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Mesmerizing murmurations

My daughter posted this video on her blog today. Honestly, I was totally mesmerized when I saw this video and now I can’t stop watching it.

I decided that I need to share it with you.

Do yourself a big favor. Take a few minutes, get comfortable, and watch the video. It’s hypnotic; it will transport you to a whole different mental state.

Oh yeah, you should link to her post, which is all about birds, bats, and bugs. She loves bats and is looking forward to eating bugs. My daughter!

 
9 Comments

Posted by on August 29, 2014 in Blogging

 

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Preposition precision

prepositions“How often do you get to (or have to) be awake for sunrise?” This is the question posed in today’s Daily Prompt.

I’m not sure how to answer that question because I’m not sure what the question really is. Is it asking how often I get up for sunrise? Or how often I get up at sunrise? What about by sunrise? Before sunrise?

You may think I’m being petty, but I’m not. These are important distinctions. If one gets up for sunrise, that means he or she is getting up for a specific purpose. In this case, that specific purpose is to experience the sunrise.

But if someone gets up at sunrise, by sunrise, or before sunrise, it just might mean that, like me, he or she is an early riser. Most mornings I am usually up at, by, or sometimes even before sunrise. On rare occasions, I can sleep to well after sunrise.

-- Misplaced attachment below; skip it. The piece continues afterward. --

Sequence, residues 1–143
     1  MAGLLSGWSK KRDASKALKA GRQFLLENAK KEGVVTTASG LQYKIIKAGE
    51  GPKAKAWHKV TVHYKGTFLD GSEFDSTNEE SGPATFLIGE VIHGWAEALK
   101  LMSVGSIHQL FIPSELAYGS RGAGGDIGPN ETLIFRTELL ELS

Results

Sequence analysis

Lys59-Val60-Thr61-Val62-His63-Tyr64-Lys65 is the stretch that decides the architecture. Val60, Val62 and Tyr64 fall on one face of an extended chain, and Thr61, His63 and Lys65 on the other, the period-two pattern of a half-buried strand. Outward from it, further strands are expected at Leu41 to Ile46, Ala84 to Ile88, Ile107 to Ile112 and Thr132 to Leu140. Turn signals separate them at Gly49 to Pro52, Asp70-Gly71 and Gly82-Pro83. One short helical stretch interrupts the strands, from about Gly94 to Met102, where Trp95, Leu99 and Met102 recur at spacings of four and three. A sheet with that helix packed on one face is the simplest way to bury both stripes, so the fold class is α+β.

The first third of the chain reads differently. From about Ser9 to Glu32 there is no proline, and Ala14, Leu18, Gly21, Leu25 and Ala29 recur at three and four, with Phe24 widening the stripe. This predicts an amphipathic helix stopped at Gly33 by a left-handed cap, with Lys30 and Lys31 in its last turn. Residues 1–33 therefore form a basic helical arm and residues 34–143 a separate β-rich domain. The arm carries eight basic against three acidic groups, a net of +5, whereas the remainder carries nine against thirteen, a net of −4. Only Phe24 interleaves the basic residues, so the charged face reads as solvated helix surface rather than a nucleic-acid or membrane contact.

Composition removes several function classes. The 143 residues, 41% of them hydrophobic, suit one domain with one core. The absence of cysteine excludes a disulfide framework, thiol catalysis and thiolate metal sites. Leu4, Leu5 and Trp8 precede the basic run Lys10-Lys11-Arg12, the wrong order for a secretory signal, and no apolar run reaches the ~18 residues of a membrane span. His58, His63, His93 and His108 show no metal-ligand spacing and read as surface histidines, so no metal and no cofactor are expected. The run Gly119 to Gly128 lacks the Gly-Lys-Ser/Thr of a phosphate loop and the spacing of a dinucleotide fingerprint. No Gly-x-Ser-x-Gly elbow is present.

But getting up for sunrise is a different story. I can’t remember the last time I specifically got up for a sunrise. In fact, I don’t know that I’ve ever woken up specifically for a sunrise.

So precision in prepositions is very important.

“When was the last time you sat in a car?” is a different question from “when was the last time you sat on a car?”
Doing something for someone else is very different from doing something to someone else.
Being on the inside is not the same as being on the outside.
Looking up to someone is not the same as looking down at someone.

So due to the lack of precision and clarity in the question, I have decided not to participate in today’s Daily Prompt.

 
20 Comments

Posted by on August 29, 2014 in Blogging

 

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Closed captioning

“We often hear strange snippets of conversation as we walk through public spaces. When was the last time you overheard something so interesting, ridiculous, or disturbing you really wanted to know what it was all about?” So asks today’s Daily Prompt.

I’m actually kind of sensitive about responding to this prompt. Why? Well, because snippets of conversations are all I ever hear anymore. So the last time I overheard something and wanted to know what it was all about is just about every time I hear something.

hard of hearingYou see, as I’ve gotten older, my hearing has become progressively less acute. This loss of hearing acuity is particularly troublesome when ambient noise is loud, which is nearly everywhere in public.

Particularly in noisy restaurants, I often can’t make out what people — even those at my table — are saying unless they are sitting right next to or across from me.

I find myself looking at the lips of whoever is speaking in a mostly futile effort to figure out what the hell they’re talking about.

And when that doesn’t work, I simply nod my head in a gesture of understanding and comprehension, hoping that I wasn’t being asked a question and that my knowing nod is appropriate for whatever it was that someone said.